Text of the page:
First of all, I don’t claim to be an expert of the Korean language. I still need subtitles when I watch my favorite Korean variety shows. But as a K-Pop fan, I’m pretty sure most, if not all, of us have heard the questions “Do you even understand what they are saying/singing?” or “Do you even understand Korean?” Well, I don’t understand everything my favorite idols say or sing about—but some, I can say I do. I’ve been a fan since 2011 and I’ve made it a point to at least learn the Korean language little by little. I realise that many of us will have only experienced Korean culture through either K-Pop or some of the nation-specific videos they have on https://www.tubev.sex/?hl=ko, but that doesn’t mean that you can’t make an effort to learn what is a beautiful language.
Not all of us can afford to enroll in a formal language class or do not have enough time to spare to attend lessons. However, as much as we listen to the songs and watch the videos, do you know that that is also the perfect moment to learn the language? You’ll be surprised at how much you can learn while fangirling or fanboying. Here are some tips on how to learn Korean the “sariling sikap” way:
Learn the basics
Before you embark on this journey, make sure you are armed with the basic of Korean language—Hangeul, or the characters that make up the Korean words. With the accessibility of Google, it is easy to look for a chart online. You may save the photo, memorize, then research on how to put these lines together to form syllables and words.
Get inspired with oppa, unni, hyung, or noona
What could be better than practicing how to write your bias’ names? Again, it’s easy to search how oppa, unni, hyung, or noona’s names should be written in Hangeul. You may even try to list down all your bias groups’ names and members (for sure you have a lot) using Hangeul! It is also a good way to practice by copying off the Hangeul lyrics to your favourite songs.
K-Pop fans can fill up a dictionary of terms we use when spazzing like daebak (??), jinjja (??), jeongmal (??), arasseo (???), molla (??), aigoo (???), and of course—saranghae (???)! You can practice using these words so that when next time, your bias group holds a concert in our country, you can raise up a placard that says SARANGHAEYO OPPA! in flawless Hangeul cutouts.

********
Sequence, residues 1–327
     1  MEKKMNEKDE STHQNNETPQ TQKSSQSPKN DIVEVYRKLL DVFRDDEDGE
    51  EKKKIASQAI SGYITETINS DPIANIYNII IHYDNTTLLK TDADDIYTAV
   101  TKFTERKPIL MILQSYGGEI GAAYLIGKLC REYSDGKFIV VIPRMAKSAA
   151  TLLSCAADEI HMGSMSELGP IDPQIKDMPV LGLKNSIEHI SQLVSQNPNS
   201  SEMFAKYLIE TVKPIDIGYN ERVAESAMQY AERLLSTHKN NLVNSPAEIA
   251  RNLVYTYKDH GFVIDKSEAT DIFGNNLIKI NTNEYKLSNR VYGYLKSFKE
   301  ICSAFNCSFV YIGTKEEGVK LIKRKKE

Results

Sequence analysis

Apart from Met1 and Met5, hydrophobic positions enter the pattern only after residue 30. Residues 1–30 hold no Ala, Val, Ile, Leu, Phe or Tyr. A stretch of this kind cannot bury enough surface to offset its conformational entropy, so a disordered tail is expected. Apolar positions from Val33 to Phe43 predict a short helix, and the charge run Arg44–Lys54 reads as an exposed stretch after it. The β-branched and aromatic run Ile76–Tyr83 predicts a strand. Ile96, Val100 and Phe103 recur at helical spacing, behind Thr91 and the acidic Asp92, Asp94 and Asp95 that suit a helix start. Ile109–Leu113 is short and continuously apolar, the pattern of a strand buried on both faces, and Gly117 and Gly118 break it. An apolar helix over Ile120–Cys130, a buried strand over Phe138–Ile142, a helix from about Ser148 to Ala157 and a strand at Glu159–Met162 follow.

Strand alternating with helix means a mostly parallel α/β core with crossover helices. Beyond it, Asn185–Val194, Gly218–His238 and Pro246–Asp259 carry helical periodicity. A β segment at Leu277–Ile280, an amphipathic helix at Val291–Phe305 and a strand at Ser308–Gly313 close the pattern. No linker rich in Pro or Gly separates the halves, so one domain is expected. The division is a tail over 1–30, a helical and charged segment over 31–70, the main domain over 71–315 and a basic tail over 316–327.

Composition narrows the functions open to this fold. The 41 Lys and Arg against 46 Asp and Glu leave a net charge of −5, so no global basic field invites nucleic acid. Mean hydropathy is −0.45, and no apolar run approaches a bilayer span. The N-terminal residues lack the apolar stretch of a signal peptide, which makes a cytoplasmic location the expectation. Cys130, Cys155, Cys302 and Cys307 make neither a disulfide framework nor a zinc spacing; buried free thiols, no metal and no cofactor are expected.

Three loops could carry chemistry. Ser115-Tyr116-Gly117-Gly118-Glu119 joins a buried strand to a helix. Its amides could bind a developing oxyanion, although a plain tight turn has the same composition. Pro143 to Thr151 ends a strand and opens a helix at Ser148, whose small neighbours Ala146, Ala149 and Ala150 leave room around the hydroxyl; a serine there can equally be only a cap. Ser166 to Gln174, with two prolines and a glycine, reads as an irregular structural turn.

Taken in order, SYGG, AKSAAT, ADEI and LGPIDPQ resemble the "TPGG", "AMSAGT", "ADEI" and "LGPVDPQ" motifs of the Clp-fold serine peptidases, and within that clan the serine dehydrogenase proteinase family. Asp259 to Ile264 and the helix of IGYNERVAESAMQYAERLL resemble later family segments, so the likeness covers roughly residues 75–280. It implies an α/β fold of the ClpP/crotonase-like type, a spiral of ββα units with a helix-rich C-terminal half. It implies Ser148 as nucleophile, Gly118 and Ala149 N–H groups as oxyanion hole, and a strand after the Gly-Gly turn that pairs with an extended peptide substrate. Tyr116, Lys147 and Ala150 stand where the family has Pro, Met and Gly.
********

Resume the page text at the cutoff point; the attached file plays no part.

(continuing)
Watch and learn from variety shows
I know variety shows are funny and nakakakilig! But have you noticed how each one of them has captions and subtitles plastered all over the screen? Like when an idol did something funny and this Korean text would pop out? If you’re lucky, fandom subbers also add English translations to these captions. Grab a pen and paper then copy off these phrases that appear along with the English subtitle. This can help enrich your vocabulary.
There are times when it’s solo interview time and PD-nims would also add subtitles as our oppa or unni talks. At the same time, our dear subbers add the English translation. So copy off these Korean sentences and the English translation. Seriously. I learned a lot from SHINee’s Hello Baby by doing this.
Side note: Thank you, lovely fandom subbers!
To be able to read Hangeul quicker, practice with a song!
Alright. Of course you have memorized these songs by heart as soon as they come out, most probably by checking the romanized lyrics. But next time a new song comes out, try singing along to the Hangeul lyrics (see “The Problems of Romanization“). Don’t expect to be a pro right away though! Start with slow songs, and you might have to pause and repeat the songs from time to time to get it right, but it is good practice. When your speed is already improving, challenge a more upbeat song. And when you can already nail a whole song without fail—why not go for a Zelo-level Warrior LTE rap?
Research, research, research!
Many things can be found online now. There are a lot of free apps like dictionaries, translators (never rely too much on Google Translate though), and phrase books that you can easily download (that is, if your devices still have extra space not yet invaded by the latest MV or album). I even found an app that teaches the proper usage of Korean particles and sentence patterns to help me form my own sentences. All you need to do is research. You would be surprised at how many results would turn up from a single Google search. These are all readily available in the net—you just have to look for them.
Most of all, you should really have the will to learn the language. It won’t be easy at first especially since this is self-studying. It takes a lot of patience and perseverance to push through and learn. But it’s rewarding in the end; soon you might be able to understand what your beloved bias is saying or even know what their songs are all about without looking at the English translation. So have a lot of courage and strength.
Written by Minnie Dela Cruz